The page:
One technique often used is lying by the police and prosecutors to suspects in order to obtain a confession. Trainum points out that in the US, “we justify the use of lying to suspects by saying that they are on a ‘lower moral plain’ than the rest of us. This is a dangerous mentality that has been used to justify all sorts of abuses, including but not limited to the use of third-degree tactics. Lying not only increases the risk of false or unreliable confessions and statements, it damages the reputation of law enforcement in the eyes of the public.” So even before a person is charged, he or she is considered to be of a “lower moral plain.” With stereotyping and profiling, some people are automatically put into that category without having done anything. Perhaps those who like to point out that all lives matter could take into consideration that engrained cultural prejudices (conscious and unconscious) can produce situations in which some of our lives are treated as less than equal in mattering and as being worthy of justice. Some folks, whether because of race or gender or economic status or beliefs, are automatically classed as being in that “lower moral plain” because of history and culture and the time in which we live. Fortunately there is training to help counter unconscious biases in the use of force by officers. Hopefully training also includes addressing judgments and biases in the techniques of questioning and mitigating quick decisions on guilt. The justice system is not the only part of our culture with unconscious biases. We all have them. You can check out your own attitudes at Project Implicit. Project Implicit is a “non-profit organization and international collaboration between researchers who are interested in implicit social cognition – thoughts and feelings outside of conscious awareness and control. The goal of the organization is to educate the public about hidden biases and to provide a ‘virtual laboratory’ for collecting data on the Internet.” You can also examine your beliefs at Understanding Prejudice. You will become more informed by the information on the site.

Trainum’s goal is to see that the right people are convicted. That can be very difficult to do in highly charged emotional circumstances. We can be so repelled by the viciousness of a crime that we want justice and vengeance as soon as possible. Tunnel vision takes over.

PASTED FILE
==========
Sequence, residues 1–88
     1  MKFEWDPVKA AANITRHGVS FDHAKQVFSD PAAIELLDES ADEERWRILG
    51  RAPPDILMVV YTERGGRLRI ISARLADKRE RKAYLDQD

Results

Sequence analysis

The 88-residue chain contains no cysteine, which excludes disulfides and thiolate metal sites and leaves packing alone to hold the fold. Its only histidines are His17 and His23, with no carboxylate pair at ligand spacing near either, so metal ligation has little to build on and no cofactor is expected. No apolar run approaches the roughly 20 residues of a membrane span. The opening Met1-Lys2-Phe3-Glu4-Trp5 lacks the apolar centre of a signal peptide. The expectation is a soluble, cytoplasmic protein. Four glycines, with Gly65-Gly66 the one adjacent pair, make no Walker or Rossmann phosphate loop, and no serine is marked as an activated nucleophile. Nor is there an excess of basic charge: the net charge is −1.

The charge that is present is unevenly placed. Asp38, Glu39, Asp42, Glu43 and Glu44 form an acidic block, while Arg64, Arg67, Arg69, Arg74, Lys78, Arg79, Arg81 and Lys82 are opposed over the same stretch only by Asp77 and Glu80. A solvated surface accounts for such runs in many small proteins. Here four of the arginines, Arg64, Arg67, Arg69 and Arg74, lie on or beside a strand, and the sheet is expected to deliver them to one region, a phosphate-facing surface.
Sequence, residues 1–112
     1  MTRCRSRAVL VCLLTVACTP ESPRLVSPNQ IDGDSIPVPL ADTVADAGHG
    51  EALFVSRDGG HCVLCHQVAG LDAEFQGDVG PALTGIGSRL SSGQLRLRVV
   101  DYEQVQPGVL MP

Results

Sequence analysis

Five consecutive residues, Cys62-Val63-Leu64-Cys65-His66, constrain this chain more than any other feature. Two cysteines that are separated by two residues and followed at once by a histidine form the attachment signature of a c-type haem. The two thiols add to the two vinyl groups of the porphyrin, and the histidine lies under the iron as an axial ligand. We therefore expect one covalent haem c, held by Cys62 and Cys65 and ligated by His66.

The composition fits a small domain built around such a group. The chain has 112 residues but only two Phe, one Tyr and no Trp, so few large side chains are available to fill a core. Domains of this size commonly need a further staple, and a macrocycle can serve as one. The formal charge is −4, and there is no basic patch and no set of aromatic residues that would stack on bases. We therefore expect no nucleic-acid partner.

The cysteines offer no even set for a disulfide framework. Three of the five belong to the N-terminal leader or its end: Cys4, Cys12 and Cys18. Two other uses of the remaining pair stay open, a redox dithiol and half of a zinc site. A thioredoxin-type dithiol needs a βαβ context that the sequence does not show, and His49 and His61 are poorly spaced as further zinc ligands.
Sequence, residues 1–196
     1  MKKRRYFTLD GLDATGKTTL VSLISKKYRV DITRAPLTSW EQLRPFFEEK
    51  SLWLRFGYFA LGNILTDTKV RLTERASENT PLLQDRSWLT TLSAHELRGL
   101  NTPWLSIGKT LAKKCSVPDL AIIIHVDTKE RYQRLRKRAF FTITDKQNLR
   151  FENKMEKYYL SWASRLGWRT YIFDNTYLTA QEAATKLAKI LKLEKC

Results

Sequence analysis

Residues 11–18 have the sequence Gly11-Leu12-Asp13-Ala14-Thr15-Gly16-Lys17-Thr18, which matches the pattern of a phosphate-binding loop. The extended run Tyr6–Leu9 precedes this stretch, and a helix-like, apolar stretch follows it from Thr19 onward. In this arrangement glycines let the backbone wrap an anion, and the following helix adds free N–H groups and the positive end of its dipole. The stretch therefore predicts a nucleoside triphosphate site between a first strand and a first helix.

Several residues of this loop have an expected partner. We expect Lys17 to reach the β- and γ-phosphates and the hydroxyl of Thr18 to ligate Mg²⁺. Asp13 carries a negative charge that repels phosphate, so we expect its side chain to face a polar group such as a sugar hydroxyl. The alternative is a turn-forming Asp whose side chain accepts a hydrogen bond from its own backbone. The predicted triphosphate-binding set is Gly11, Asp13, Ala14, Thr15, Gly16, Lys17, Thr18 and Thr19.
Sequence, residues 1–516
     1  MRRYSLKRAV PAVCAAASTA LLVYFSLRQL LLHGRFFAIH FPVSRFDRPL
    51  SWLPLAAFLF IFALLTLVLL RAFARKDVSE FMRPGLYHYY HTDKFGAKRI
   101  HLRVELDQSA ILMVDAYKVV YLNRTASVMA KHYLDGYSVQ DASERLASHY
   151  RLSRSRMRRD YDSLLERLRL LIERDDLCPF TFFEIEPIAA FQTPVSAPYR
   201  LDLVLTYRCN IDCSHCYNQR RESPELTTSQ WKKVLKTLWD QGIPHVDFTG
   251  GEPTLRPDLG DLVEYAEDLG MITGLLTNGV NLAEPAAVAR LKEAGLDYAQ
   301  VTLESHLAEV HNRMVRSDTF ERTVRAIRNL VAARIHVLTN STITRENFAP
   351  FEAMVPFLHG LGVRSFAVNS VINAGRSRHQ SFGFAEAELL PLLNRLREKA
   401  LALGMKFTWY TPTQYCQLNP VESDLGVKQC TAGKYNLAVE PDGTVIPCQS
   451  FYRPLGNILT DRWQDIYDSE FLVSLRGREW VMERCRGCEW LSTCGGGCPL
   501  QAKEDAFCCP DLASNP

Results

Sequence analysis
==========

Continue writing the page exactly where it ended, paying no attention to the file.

Trainum does discuss a way of investigating that is very different than the US model. The investigative mindset in the UK is Assume nothing; Believe nothing; and Challenge everything. It is the UK model he recommends and which he describes using the acronym PEACE.

  • P – Planning and Preparation
  • E – Engage and Explain
  • A – Account Clarification and Challenge
  • C – Closure
  • E – Evaluation.

Trainum does of good job of explaining the model and the rationale for it. He provides US objections and the UK response to each of the parts. PEACE is a model of seeking the truth and of accountability. It is a model of critical thinking and evaluation. It has oversight and maintaining a trail of the investigation including videotaping of interviews. Investigators and prosecutors do not lie and manipulate. The oversight also allows investigators to change theories and save face. Our current model can not only contaminant the memories of the suspect but also of the witnesses. This model seeks to rectify that problem. A detailed outline of the model can be found here. All members of the criminal justice system that are looking to seek the truth in cases and find justice by arresting and prosecuting the correct perpetrator would do well to consider looking at Trainum’s arguments and his rationale for change. It would do us all good to read this book to see just how justice can work, or sometimes not work. Trainum opens the book with a scenario showing how easily a person can quickly become a suspect and almost immediately be subject to an interrogation with the sole purpose of getting a confession. As for the Norfolk Four, according to Trainum they are out of prison but have not been able to get a full pardon despite the evidence and the subsequent legal and ethical issues of the investigator who got the confessions. “One has been released from prison, having served his full term. The others are out, granted conditional parole by a governor who, though admitting the existence of the evidence pointing to their innocence, does not feel that he can grant a full exoneration because they ‘confessed.’ It is true – the power of a confession can trump all reason.” Trainum devotes chapter 12 of the book to recommended safeguards and reforms. His closing paragraph is powerful:

“Change and reform begins with you. As evidenced in the 2015 public responses to police shootings of unarmed African American men, the criminal justice system (and law enforcement agencies in particular) will respond to adverse public opinion. One good thing remains: As resistant as law enforcement agencies are to change, deep down, most individual investigators want to get it right. They need the right tools, the right training, and the right mindset. With your voice, and the reforms suggested in chapter 12, they can get it. Then we can all sleep better.”